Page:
Achieving net zero emissions


We're actively helping the world's built environment to achieve net zero emissions and accelerate progress toward ambitious targets.
MacBook mockup

The built environment is the largest contributor to climate change.

The built environment is one of the largest contributors to climate change, accounting for almost 40% of global greenhouse gas emissions. Given that 70% of those emissions are generated from building operations there is a huge opportunity for the sector to quickly and cost-effectively cut carbon emissions and play a critical role in achieving net zero.

CIM’s PEAK Platform empowers operation teams to maximise operational and energy efficiency across building portfolios. Buildings with smaller carbon footprints achieve higher sustainability ratings, increased financial performance and deliver a superior customer experience.

We're helping the built environment
achieve net zero emissions.

Buildings powered by the PEAK Platform have avoided the equivalent CO2 emitted from:

Tonnes of CO2 reduced


Vehicles not driven


Trees grown for 10 years


GWh of Energy Saved

A 5-Step Strategy for your Net Zero roadmap

Almost all organisations have been trying to identify the best way to achieve maximum energy efficiency in their buildings and reach net zero. We strongly recommend employing a data-driven methodology and have found that organisations employing the following 5 step process achieve the greatest success.
Step 1

Monitor and avoid energy drift

The digitisation and subsequent monitoring of your portfolio should be the foundational element of your net zero roadmap. Data provides a benchmark to measure all future initiatives and will identify the biggest opportunity areas to improve sustainability performance.

Energy drift occurs for various reasons, including mechanical wear and tear, malfunctioning equipment, alterations or overrides to Building Management System controls, changing site conditions, or building design defects. Buildings can lose as much as 10-30% in energy efficiency and costs, every one to two years, only to ‘drifts’.

Step 2

Building Optimisation

Before committing to any capital investments, it is financially prudent to ensure that all the existing systems work at their highest efficiency. This is achieved by proactively fixing all system issues and then monitoring the system closely to ensure there is no drift in energy due to system, plant and equipment inefficiencies.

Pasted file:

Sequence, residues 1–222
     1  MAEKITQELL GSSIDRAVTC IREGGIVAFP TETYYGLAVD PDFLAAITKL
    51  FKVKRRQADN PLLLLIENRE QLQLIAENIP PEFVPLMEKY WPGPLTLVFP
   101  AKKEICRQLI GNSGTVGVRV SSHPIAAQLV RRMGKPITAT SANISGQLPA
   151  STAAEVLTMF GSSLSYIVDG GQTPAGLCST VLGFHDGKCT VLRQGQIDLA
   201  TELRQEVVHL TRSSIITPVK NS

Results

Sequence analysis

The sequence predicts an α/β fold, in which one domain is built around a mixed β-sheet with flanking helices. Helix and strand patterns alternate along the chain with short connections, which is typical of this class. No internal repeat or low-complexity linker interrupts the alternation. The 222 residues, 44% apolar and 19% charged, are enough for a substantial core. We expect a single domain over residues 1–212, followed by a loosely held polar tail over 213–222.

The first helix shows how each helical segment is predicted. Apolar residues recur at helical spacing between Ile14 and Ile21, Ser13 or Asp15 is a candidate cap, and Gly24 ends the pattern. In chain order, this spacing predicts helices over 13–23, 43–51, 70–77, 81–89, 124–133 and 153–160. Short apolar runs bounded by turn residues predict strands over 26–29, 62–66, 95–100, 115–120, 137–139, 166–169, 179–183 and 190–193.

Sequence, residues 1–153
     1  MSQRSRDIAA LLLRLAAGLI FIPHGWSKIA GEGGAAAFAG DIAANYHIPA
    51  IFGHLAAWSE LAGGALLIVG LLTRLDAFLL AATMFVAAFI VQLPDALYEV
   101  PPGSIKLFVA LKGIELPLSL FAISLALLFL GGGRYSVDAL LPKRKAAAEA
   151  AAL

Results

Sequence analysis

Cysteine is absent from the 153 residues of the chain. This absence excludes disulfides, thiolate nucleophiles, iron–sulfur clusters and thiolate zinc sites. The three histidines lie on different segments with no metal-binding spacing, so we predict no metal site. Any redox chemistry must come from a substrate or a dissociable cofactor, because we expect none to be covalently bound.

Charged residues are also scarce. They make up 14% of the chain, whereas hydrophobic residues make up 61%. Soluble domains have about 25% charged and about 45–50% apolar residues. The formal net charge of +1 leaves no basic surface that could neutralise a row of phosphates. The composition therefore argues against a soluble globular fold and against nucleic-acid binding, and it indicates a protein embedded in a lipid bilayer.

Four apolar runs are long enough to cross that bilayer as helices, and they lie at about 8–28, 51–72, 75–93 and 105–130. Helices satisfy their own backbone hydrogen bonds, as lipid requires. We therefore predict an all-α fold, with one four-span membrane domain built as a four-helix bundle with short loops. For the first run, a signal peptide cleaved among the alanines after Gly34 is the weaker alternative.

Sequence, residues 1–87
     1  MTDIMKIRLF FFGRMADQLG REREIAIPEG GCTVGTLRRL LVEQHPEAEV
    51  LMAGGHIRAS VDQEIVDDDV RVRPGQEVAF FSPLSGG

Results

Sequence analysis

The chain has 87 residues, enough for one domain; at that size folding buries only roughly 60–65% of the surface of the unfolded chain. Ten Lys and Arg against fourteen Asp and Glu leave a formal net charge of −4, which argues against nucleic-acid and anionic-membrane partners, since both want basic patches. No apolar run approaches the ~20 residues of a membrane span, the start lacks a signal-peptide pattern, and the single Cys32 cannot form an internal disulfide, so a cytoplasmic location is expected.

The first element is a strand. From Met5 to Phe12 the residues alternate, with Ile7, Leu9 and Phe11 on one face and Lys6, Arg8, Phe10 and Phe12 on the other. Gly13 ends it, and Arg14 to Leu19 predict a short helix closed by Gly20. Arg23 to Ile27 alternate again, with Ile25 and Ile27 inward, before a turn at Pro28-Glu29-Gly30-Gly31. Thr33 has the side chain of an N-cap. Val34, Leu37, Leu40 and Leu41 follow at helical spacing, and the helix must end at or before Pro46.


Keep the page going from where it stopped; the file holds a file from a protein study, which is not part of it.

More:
Heating, ventilation and air-conditioning systems (HVAC) use more than 60% of a building’s total energy consumption and up to a third of that energy is often wasted due to HVAC malfunction, performance degradation and improperly tuned controls. When you consider that virtually all large buildings have HVAC operational issues, these statistics are hard to ignore.

Step 3

Upgrade and Electrify

Monitoring and optimising equipment can be hugely beneficial, but there will always be instances where equipment will need to be upgraded or replaced. With many upgrades, any commercial property can significantly reduce their energy consumption and environmental impact without a full renovation, even in older buildings.

If performed correctly steps 1 and 2 can generate significant cost savings which can be utilised to upgrade existing equipment. Electrification is one of the most important factors in decarbonizing buildings but also one of the most expensive. Any equipment that consumes fossil fuels such as furnaces, boilers and water heaters will need to be replaced.

Step 4


Renewals can be utilised in 2 ways - onsite and offsite. Onsite electricity generation is only really cost effective, if your property has a large surface area like a shopping centre or airport. The goal of a transition towards building electrification: all-electric buildings powered by solar, wind and other sources of zero-carbon electricity. Renewables can be utilised offsite through your utility providers.

Step 5

Carbon Offsets

This is considered an emissions reduction strategy. However, it shouldn’t form a large proportion of an overall sustainability strategy, as offsetting is increasingly being seen as an act of greenwashing. The cost of offsets will also continue to climb.

Case Studies

Case studies from some of our amazing customers who are running buildings better.
Since 2016, CIM’s innovative PEAK Platform has helped Museums Victoria embed a modern approach to building management.
Since 2016, CIM’s innovative PEAK Platform has helped Museums Victoria embed a modern approach to building management.
Since 2016, CIM’s innovative PEAK Platform has helped Museums Victoria embed a modern approach to building management.
Since 2016, CIM’s innovative PEAK Platform has helped Museums Victoria embed a modern approach to building management.

Eagle Street Partners and CIM: A case study in fast-track efficiency

PEAK's deployment at a Glasgow office site has boosted operational efficiency, marked by an 18% electricity reduction.

Charter Hall’s partnership with CIM drives portfolio efficiency through digital transformation

The PEAK Platform provides building analytics across 58 properties covering 1.45 million square metres.

CIM drives financial and sustainability performance for LaSalle through digitised property operations

PEAK has digitised operations at 7 LaSalle properties, monitoring nearly 100,000 square metres.